Tuesday, May 18, 2010

Motivational Poster Generator

What's in Your Tool Belt?

You can create your own motivational posters/images at Auto Motivator.

via Mr. Byrne at Free Technology for Teachers

Monday, May 17, 2010

Featured Website – Speech Techie

One of my coworkers mentioned this great blog: Speech Techie

It’s totally cool. I’ve used the Bad-Luck-O-Meter with a few groups and am doing quite a bit with Visible Thinking right now. My social language group in the autism classroom loved Reading Feet.

Sean Sweeney, CCC-SLP is doing some sweet work with his Language Lens. Kudos to Mr. Sweeney!

Friday, May 14, 2010

Have you read…

Egan, G. (2002). The Skilled helper (7th ed.). Pacific Grove, CA: Brooks/Cole.

Luterman, D. (2001). Counseling persons with communication disorders and their families (4th ed.). Austin, TX: Pro-Ed.

Nicholas, M. P. (1995). The lost art of listening: How learning to listen can improve relationships. New York: Guilford Press.

Shames, G. H. (2006). Counseling the communicatively disabled and their families: A manual for clinicians. Mahwah, NJ: Erlbaum.

Shipley, K. (1997). Interviewing and counseling in communication disorders: Principles and procedures (2nd ed.). Boston: Allyn & Bacon.

I’ve started reading Luterman’s book. Once I’m finished, I’ll be tracking down Egan’s book, although probably the 2007 version.

Thursday, May 13, 2010

The risk we face as SLPs

The ultimate risk is to care too much about our life’s work and the persons who receive our services. But with these risks comes the greatest reward – the sense that working with clients with communication disorders and their families is an integrated part of our lives and part of our human growth and development, rather than simply a vocation that pays the bills.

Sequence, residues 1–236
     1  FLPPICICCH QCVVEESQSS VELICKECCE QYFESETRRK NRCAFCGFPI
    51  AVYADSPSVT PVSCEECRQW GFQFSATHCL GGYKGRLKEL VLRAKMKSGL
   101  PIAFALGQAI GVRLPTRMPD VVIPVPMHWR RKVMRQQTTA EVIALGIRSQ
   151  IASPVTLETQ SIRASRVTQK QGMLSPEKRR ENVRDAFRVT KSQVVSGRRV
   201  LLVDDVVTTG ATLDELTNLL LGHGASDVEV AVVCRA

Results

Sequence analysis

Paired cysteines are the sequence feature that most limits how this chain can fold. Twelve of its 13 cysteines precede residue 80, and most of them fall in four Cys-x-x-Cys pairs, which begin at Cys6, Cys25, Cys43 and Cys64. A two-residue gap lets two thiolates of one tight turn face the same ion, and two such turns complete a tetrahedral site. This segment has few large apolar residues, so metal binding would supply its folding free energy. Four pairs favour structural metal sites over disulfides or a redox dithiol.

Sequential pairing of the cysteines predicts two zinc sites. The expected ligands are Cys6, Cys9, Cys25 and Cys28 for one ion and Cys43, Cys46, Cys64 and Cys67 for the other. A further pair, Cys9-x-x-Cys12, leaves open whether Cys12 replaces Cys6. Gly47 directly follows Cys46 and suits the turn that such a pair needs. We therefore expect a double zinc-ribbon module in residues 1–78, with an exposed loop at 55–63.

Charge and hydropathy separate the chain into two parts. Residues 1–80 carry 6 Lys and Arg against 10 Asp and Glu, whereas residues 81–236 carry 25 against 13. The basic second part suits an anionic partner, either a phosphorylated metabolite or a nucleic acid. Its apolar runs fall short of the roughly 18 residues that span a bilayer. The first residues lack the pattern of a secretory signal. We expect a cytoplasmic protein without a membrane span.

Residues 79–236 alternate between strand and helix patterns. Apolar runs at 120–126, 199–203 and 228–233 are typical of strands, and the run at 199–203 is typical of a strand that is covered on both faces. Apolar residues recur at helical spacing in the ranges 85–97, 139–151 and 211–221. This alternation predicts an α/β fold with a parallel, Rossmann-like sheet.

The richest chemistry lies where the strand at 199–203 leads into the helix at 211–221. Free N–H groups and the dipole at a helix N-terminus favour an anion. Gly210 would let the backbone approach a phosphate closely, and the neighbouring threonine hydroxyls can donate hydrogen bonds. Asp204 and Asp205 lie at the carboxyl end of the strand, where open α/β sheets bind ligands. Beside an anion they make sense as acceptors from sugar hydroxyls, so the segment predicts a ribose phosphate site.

-Prizant’s comments in the Preface of David Luterman’s (2001) text

It’s okay to feel incompetent

From Walter H. Manning’s Clinical Decision Making in Fluency Disorders, Third Edition (page 349):

Luterman (2001) stresses the importance of accepting our limitations and recognizing that particularly difficult cases will cause the icy finger of possible failure to threaten and test our confidence. Nonetheless, if the clinician is learning, if he or she is a truly responsible professional, he or she should be operating on the fringes of incompetence (Luterman, 2001). Effective counselors, clinicians, and people in general should take risks and occasionally make mistakes, or they will not grow.

Ah, it’s great to have permission to feel incompetent: it means that I’m pushing the edge of my learning and experimenting with my knowledge and therapy base. If I’m not feeling stretched, I need to reevaluate and push myself further.

Wednesday, May 5, 2010

Is it the new school year yet?

I’m already thinking about getting ready for a new set of students. Eek!

I think this may be a fun way to start the year with my groups by having my students make Wordle’s about themselves.

Fullscreen capture 552010 12518 PM.bmp

Friday, January 15, 2010

Twist and Shout

Well, at least a shout out to the TWST group that meets in North Virginia.

I took my speech students on my very first fieldtrip this week and we attended the local NSA Teens Who STutter support group. It was invaluable! My boys enjoyed meeting other teenagers who stutter, but the most exciting part for me was listening to the parents share their emotions and insights about raising children who stutter. I remember hearing/reading about how stuttering impacts families, but I had never seen it firsthand.

I’m hooked. I think I may turn into Edward Norton’s character from Fight Club and become a support group junkie, well a stuttering support group junkie. I was invited to attend the adult NSA support group on Saturday and I can barely contain my excitement. It’s true: I’m a speech geek!

I’m rereading Barry Guitar’s book Stuttering with renewed enthusiasm and vigor. My goal is 7-8 pages each week day, which means I should finish in about 10 weeks. When you see me in person, feel free to quiz me on Treatment Considerations(Chapter 6) and Assessment and Diagnosis (Chapter 7). (yes, I started with chapter 6 because it’s more interesting)

 

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